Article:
Thursday, March 23, 2006

Stewards of Place-Based Assets

I just attended a conference for a movement called “civic tourism.” It’s an umbrella extension of the discussion of eco, geo or cultural and heritage tourism, all of which focus on “place” vs. entertainment-based tourism that has no connection with “place.”

I haven’t regularly attended conferences for some years. There are too many more efficient ways to engage in dialogue that are less redundant or about people “bearing testimony” vs. engaging in true dialogue.

But this one was an exception. I’ve always been considered an “odd duck" in some circles for espousing the importance of place as a context in tourism development.

But at this conference I learned that convention and visitor bureaus are the “stewards for place-based assets.” Not the only stewards, of course, but key because tourism is much more than economic development. Tourism is about preserving buildings and heritage, conserving the ecology and landscape, celebrating ethnicity and art and music, and articulating a community’s sense of place.

Why is this important? Because, in the words of Dr. Scott Russell Sanders:

"[As contrasted to] many American cities and towns, where any sense of character or coherence has been eroded by the forces of development. Uniform highway design, strip malls, cookie-cutter suburbs, manufactured housing, garish franchise architecture, and box stores surrounded by deserts of blacktop have made our settlements less and less distinct from one another….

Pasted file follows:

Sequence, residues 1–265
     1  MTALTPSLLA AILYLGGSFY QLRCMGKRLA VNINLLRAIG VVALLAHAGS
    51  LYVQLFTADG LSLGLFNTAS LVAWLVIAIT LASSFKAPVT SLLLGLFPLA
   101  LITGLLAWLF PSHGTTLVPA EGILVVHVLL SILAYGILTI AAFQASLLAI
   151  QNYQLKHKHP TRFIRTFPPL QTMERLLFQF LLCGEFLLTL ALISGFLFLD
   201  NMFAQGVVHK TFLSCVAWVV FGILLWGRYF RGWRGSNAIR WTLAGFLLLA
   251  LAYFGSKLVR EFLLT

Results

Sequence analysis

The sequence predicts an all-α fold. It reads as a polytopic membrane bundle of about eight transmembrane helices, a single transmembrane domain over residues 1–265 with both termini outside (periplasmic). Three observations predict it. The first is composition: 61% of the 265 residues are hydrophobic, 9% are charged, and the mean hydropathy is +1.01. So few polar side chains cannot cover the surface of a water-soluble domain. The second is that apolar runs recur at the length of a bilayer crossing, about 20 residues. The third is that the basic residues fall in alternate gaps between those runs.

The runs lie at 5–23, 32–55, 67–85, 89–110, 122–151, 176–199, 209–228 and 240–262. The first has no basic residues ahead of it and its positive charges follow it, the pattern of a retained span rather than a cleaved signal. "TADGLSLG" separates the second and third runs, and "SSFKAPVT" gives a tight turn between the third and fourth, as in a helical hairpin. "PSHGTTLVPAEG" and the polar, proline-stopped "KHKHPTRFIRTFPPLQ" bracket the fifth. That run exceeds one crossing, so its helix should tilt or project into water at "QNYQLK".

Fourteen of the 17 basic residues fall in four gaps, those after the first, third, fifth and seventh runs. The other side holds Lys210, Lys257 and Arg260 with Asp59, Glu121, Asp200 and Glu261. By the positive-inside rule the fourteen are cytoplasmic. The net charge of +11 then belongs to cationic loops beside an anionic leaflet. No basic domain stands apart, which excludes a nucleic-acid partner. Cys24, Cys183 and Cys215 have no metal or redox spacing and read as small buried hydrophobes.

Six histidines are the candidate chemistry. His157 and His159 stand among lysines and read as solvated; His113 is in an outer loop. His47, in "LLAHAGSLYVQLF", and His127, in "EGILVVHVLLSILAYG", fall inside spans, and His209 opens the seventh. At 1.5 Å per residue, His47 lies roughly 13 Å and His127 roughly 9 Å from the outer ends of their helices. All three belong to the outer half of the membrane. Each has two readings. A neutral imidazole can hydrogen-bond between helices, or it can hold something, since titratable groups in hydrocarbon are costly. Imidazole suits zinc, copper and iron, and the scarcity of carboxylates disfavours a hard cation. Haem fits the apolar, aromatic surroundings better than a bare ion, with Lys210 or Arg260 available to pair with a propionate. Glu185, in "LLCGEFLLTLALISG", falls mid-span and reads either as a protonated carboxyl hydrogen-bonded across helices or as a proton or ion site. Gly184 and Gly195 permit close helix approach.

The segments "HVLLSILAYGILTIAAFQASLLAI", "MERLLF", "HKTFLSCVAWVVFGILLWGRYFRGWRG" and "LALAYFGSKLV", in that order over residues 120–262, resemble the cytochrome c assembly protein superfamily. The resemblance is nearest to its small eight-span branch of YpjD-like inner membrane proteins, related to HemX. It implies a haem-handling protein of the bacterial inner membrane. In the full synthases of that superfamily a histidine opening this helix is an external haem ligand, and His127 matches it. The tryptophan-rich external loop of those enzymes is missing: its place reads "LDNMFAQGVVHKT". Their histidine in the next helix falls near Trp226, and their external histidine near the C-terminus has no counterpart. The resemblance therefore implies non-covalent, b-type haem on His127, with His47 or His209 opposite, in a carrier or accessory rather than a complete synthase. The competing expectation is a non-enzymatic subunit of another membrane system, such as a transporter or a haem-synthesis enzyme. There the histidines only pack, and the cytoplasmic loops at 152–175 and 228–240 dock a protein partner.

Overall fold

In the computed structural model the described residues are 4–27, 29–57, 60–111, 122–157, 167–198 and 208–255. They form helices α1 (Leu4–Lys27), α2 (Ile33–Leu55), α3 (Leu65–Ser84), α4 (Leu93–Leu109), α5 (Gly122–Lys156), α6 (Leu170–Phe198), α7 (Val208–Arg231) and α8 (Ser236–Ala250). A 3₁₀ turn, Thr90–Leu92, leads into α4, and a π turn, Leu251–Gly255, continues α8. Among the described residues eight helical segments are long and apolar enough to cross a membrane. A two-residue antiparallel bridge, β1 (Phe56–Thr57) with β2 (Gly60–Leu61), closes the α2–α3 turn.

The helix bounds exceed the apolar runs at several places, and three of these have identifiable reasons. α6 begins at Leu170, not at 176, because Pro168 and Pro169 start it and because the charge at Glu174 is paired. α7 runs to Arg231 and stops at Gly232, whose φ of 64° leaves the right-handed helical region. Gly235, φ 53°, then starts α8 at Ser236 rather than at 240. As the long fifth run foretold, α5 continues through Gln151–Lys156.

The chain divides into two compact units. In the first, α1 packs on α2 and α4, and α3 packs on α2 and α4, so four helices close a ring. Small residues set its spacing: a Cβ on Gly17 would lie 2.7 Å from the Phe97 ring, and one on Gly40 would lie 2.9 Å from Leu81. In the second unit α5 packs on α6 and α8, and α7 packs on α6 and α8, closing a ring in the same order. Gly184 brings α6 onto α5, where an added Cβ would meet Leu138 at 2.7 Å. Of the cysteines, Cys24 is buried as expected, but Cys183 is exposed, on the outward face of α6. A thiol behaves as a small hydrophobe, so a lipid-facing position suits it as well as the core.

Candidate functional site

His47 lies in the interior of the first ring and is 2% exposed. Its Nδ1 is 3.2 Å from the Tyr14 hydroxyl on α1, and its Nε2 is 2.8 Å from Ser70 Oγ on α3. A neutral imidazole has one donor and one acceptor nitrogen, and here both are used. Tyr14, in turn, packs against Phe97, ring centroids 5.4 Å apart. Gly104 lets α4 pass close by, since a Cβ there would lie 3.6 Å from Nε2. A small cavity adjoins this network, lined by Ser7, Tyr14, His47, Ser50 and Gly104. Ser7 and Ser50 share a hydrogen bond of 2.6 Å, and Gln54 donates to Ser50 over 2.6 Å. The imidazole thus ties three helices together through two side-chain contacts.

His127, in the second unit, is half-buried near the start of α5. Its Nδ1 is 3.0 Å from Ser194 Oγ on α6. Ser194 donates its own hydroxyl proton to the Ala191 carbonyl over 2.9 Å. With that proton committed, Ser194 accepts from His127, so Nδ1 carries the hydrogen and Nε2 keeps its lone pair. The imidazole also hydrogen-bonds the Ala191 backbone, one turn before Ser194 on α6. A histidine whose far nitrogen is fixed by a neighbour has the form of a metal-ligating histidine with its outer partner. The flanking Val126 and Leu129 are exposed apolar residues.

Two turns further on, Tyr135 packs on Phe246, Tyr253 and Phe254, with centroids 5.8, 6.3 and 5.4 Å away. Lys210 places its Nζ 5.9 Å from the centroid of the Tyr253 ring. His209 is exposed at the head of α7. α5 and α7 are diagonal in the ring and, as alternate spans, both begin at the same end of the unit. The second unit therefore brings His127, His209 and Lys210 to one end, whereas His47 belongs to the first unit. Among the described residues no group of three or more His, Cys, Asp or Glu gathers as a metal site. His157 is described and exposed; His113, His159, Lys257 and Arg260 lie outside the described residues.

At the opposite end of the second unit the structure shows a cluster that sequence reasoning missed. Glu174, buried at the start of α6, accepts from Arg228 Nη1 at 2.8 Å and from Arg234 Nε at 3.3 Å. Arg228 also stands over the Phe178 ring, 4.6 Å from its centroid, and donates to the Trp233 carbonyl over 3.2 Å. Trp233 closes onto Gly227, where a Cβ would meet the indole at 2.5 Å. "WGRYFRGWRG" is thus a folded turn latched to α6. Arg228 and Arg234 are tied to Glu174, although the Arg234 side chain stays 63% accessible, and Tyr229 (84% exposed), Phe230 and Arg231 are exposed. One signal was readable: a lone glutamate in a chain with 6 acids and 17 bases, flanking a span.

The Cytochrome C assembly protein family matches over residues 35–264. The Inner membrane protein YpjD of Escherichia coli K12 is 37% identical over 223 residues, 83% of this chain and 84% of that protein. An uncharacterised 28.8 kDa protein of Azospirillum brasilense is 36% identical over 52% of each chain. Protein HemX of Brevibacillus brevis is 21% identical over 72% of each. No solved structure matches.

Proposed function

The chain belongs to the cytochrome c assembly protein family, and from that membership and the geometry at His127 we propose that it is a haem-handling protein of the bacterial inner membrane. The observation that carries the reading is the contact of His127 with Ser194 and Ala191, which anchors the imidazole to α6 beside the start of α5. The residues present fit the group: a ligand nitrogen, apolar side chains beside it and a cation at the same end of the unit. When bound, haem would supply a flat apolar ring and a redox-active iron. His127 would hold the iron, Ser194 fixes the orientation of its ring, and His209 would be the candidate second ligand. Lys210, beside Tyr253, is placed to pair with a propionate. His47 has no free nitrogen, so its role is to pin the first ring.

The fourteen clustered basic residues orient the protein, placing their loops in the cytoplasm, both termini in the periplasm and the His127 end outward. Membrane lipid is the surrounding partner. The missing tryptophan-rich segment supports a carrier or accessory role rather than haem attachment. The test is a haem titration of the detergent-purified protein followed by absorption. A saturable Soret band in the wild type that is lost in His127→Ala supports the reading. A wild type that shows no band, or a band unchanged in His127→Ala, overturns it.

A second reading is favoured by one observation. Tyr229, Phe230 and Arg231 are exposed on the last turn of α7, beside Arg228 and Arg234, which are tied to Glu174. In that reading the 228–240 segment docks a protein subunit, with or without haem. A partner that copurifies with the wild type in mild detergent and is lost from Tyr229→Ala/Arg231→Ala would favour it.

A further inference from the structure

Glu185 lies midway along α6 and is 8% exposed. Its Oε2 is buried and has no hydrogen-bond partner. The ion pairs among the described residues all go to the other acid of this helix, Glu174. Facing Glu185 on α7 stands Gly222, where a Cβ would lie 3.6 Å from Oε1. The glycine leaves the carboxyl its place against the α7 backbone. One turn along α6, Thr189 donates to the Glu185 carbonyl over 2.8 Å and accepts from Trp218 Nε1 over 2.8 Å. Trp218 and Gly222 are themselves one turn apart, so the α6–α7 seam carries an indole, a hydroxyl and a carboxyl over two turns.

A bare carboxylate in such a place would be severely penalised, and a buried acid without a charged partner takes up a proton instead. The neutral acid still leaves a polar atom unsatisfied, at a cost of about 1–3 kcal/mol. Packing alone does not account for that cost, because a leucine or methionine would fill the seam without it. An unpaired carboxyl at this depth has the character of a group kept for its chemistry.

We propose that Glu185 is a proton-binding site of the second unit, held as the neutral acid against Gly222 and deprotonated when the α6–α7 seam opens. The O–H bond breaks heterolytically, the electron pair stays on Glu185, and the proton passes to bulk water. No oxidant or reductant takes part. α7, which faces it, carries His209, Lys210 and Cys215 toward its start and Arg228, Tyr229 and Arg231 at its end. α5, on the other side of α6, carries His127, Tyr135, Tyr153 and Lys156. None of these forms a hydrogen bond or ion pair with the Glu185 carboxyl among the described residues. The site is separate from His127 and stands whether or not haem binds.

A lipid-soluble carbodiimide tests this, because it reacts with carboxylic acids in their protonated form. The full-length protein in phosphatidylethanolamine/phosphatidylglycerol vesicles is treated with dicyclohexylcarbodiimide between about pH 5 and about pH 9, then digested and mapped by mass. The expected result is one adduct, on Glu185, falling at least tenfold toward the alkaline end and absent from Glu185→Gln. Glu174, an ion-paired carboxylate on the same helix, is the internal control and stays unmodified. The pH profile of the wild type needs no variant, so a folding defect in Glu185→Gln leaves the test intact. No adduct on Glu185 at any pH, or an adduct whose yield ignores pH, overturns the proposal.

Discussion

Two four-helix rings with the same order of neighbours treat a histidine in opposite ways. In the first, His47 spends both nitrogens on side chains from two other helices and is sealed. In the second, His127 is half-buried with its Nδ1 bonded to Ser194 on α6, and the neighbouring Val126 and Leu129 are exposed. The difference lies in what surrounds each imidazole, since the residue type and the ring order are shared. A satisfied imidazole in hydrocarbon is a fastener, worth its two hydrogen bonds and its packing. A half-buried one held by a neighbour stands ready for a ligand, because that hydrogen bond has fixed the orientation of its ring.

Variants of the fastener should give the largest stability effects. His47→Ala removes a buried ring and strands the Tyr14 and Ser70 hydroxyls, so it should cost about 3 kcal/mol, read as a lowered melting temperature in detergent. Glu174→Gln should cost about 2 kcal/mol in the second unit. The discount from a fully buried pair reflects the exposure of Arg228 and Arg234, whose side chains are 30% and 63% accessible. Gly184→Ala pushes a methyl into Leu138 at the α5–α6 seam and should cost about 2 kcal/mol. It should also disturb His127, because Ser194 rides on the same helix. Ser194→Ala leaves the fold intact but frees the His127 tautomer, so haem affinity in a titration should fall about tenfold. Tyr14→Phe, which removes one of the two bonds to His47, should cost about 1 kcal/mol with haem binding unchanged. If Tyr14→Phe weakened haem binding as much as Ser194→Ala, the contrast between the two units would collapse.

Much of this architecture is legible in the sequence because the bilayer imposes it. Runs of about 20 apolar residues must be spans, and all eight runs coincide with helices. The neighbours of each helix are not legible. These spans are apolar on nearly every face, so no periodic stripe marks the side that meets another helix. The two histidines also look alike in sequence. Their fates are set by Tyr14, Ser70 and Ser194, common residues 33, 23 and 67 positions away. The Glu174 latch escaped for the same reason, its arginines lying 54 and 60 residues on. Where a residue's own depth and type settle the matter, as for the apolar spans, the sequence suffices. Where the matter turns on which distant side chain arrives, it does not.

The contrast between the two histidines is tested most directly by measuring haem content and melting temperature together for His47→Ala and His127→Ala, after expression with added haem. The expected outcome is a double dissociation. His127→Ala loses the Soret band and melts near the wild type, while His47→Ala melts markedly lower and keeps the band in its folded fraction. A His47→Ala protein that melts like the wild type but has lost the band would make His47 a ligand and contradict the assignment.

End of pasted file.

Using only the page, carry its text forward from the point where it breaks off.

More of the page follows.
"A real place feels as though it belongs where it is, as though it has grown there, shaped by weather and geography, rather than being imported from elsewhere and set down like a mail-order kit….

"A real place conveys a sense of temporal depth, a sense that people have been living and laboring here for a long time. The traces of earlier generations are preserved in festivals and folkways and habits of speech; in old buildings that have been restored and kept in service; in landscapes that are still devoted to…traditional uses."

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